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Google Shares Anti-Piracy Practices

11 Sep, 2013 By: Chris Tribbey

Google Sept. 11 offered the public a 25-page report on how the tech giant is fighting piracy.

While touting the Internet as “a boon to creativity,” Google acknowledged that piracy is rampant online, and that it’s doing what it can across YouTube and the Internet in general to fight it.

“The best way to battle piracy is with better, more convenient, legitimate alternatives to piracy,” the report reads. “By developing licensed products with beautiful user experiences, we help drive revenue for creative industries.”

The report details Google’s copyright removal process, which involves 4 million requests each week for the takedown of illegally shared content.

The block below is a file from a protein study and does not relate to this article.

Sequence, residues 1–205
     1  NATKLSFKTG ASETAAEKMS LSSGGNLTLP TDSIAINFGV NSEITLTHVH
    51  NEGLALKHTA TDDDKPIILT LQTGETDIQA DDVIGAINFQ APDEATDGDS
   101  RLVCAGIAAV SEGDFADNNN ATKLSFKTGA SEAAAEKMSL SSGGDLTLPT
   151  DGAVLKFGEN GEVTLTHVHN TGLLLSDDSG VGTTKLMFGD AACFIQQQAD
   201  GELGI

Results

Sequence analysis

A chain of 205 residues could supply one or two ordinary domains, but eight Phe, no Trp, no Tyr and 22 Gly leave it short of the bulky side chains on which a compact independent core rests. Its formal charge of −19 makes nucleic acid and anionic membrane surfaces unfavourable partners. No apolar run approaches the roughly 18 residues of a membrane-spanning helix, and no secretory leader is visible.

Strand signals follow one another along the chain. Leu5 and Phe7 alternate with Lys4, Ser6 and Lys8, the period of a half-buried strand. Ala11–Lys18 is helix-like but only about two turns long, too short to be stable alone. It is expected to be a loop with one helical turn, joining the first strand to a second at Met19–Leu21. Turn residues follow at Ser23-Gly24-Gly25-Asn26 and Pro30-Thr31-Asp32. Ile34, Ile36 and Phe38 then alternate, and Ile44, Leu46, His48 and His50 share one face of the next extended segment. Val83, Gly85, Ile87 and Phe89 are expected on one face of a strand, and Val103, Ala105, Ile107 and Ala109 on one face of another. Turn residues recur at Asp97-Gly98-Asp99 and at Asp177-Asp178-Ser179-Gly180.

“Unfortunately, fabricated copyright infringement allegations can be used as a pretext for censorship and to hinder competition,” the report reads. “Google is committed to ensuring that, even as we battle piracy online, we detect and reject bogus infringement allegations, such as removals for political or competitive reasons.”

Google pointed out that more than 4,000 content partners, including studios and broadcasters, use the company’s Content I.D. automated video content identification system, and that more than 200 million videos have been claimed with the help of the service.

Google stressed that its policies prevent infringing sites from using the company’s online ad services, and that it disabled ads to 46,000 sites in 2012.

“Piracy often arises when consumer demand goes unmet by legitimate supply,” the report reads. “As services ranging from Netflix to Spotify to iTunes have demonstrated, the best way to combat piracy is with better and more convenient legitimate services. The right combination of price, convenience and inventory will do far more to reduce piracy than enforcement can.”

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